Two-Way: Pine Bluff Alderwoman On Police Returning Medals For Deadly Standoff With 107-Year-Old Man

Aug 19, 2016

A view of the Jefferson County Courthouse in Pine Bluff from inside the historic, but crumbling Hotel Pines.
Credit Michael Hibblen / KUAR News

Nine Pine Bluff police officers returned their Medals of Valor on Thursday after the city council directed scrutiny over why they were awarded. KUAR’s Jacob Kauffman spoke with council member Thelma Walker about a police shooting and the death of a 107-year-old man.

KAUFFMAN: Just over three years ago, the Pine Bluff Police Department responded to a call of a dispute in the residence of 107-year-old Monroe Isadore. The centenarian was in an argument after being told he should move to an assisted living center. Hiding in his bedroom, Isadore responded to the police by firing a handgun through his door. Police later called in a SWAT team, managing to get a camera on the holed up Isadore, but deciding to intervene –with force if necessary – after only a short time officers shot and killed Isadore in his residence. Pine Bluff City Council member Thelma Walker joins me on the line. Thanks for your time.

WALKER: My pleasure.

KAUFFMAN: While we just passed the 3 year anniversary, the reason we’re speaking now, is because 12 police officers – who had been awarded Medals of Valor for the standoff – are turning in their accolades back to the city. This was prompted by a vote taken by the City Council. Miss Walker, why did you get involved in this issue? Obviously it’s unusual to ask for commendations to be returned to the city.

WALKER: This whole situation about the medals is unusual. I have never heard of a medal being awarded to a person for killing a 107-year old person in their own home. That’s the unusual part. The next unusual part to me is to get a medal of valor when the police department rule states a medal of valor is given for a person that saves someone’s life at the risk of their own life. I don’t even see how it was in order.

KAUFFMAN: Regarding the appropriateness of the use of force in this instance. A federal lawsuit on the police department found the police did no wrong. A special investigation concluded the officers acted according to protocol. So, if the officers followed policy, what insights have you gained about how the Pine Bluff department operates, what their attitudes are? Even if they acted according to protocol do you now have advice for them about what protocol should be like in the future?

WALKER: The Pine Bluff community is in outrage and they was in outrage when it happened. They were very, very upset that it came back up and wanted to know why would a person get a medal for killing a 107-year old man? Who could be proud to say I have a medal of valor and then you ask, ‘oh that’s great, what did you do?’ ‘Well, I killed this 107-year old man.’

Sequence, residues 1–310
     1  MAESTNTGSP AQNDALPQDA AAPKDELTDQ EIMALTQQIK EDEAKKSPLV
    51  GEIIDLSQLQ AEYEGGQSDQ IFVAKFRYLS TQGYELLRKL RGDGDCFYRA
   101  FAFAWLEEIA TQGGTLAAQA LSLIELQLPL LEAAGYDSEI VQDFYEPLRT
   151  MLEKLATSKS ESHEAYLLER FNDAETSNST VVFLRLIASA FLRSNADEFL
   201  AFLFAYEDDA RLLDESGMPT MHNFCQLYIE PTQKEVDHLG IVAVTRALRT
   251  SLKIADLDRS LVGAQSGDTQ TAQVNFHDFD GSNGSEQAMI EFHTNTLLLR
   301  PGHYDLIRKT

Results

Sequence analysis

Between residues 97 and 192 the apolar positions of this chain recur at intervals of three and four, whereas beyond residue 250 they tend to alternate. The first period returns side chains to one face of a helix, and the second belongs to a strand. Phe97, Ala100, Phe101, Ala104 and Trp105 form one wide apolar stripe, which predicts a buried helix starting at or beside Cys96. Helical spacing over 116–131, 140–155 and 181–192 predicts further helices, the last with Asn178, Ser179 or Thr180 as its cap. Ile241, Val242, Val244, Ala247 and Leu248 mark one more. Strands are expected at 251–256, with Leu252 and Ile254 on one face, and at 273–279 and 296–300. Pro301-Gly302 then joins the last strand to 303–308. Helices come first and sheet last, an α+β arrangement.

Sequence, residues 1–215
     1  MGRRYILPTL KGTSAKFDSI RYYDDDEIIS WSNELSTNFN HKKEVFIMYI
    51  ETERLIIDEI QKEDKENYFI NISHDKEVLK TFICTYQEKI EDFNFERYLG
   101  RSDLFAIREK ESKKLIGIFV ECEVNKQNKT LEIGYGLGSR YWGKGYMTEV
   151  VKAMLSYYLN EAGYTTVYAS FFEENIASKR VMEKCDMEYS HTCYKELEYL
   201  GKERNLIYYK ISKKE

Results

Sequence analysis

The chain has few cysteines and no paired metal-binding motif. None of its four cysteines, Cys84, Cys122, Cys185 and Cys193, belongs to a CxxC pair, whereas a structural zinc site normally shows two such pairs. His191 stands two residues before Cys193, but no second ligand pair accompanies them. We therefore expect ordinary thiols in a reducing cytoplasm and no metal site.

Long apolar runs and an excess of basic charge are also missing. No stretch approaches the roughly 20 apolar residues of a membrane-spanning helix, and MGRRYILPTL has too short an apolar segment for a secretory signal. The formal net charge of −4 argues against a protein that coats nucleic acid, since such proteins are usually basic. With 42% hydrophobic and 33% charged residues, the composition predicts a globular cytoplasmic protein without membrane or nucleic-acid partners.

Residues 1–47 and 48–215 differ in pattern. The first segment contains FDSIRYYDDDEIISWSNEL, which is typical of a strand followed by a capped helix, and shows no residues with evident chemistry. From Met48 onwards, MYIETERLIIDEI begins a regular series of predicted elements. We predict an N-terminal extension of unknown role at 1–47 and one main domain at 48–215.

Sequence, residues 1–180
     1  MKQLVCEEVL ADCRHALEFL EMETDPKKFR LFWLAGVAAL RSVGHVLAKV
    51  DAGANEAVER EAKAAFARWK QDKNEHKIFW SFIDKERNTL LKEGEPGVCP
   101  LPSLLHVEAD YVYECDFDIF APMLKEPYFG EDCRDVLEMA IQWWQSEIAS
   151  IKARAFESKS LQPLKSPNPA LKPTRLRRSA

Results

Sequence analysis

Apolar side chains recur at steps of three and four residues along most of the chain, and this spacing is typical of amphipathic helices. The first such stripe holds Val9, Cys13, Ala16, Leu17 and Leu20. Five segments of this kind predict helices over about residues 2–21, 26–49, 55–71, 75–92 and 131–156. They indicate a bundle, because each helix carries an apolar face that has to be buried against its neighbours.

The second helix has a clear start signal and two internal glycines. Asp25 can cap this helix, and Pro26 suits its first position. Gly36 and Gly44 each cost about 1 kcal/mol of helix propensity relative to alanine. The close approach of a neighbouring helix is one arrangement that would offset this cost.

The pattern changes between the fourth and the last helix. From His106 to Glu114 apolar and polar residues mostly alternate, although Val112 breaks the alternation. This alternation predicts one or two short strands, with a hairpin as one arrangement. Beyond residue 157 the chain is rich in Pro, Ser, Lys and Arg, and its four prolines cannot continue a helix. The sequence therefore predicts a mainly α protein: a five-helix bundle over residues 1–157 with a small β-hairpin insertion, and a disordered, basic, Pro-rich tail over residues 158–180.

KAUFFMAN: Looking at the Pine Bluff Police Department, they say they followed their policies. Are you asking them to change their policies?

WALKER: Well, I think if they followed the policy I would like for them to show that policy to you and me and they didn’t even follow the policy in rewarding the awards. If a person is to receive an award they are to receive it within January and December of that year and that happened in ’13. We are in ’16.

KAUFFMAN: What happened with the shooting and with the medals being awarded was something that happened with full knowledge and support of higher ups in the police department, it wasn’t just officers there at the scene. What does that say to you about Pine Bluff’s police department?

WALKER: Well, it really does not say a lot because the leadership is the one that had to initiate it and none of the laws about the medal was followed. I FOI’d some information about the procedure and minutes of the meeting and he had no records at all.

KAUFFMAN: Pine Bluff city council member Thelma Walker thanks a lot for your time today and walking us through these issues.

WALKER: I tell you, it’s not good and it’s bringing our city down. It’s bringing the image of our city down. Pine Bluff does have a lot of good Christian people. But for people that don’t live here and don’t know anything about Pine Bluff, when they read this they think Pine Bluff is the worst place in the world to be. Maybe soon, maybe next year we can move forward and try to get back the good image of Pine Bluff that it was once.  

KUAR has offered Mayor Debe Hollingsworth, the Pine Bluff Police Department and Chief Jeff Hubanks the opportunity to comment on this story. So far, they say they are declining media requests on the matter.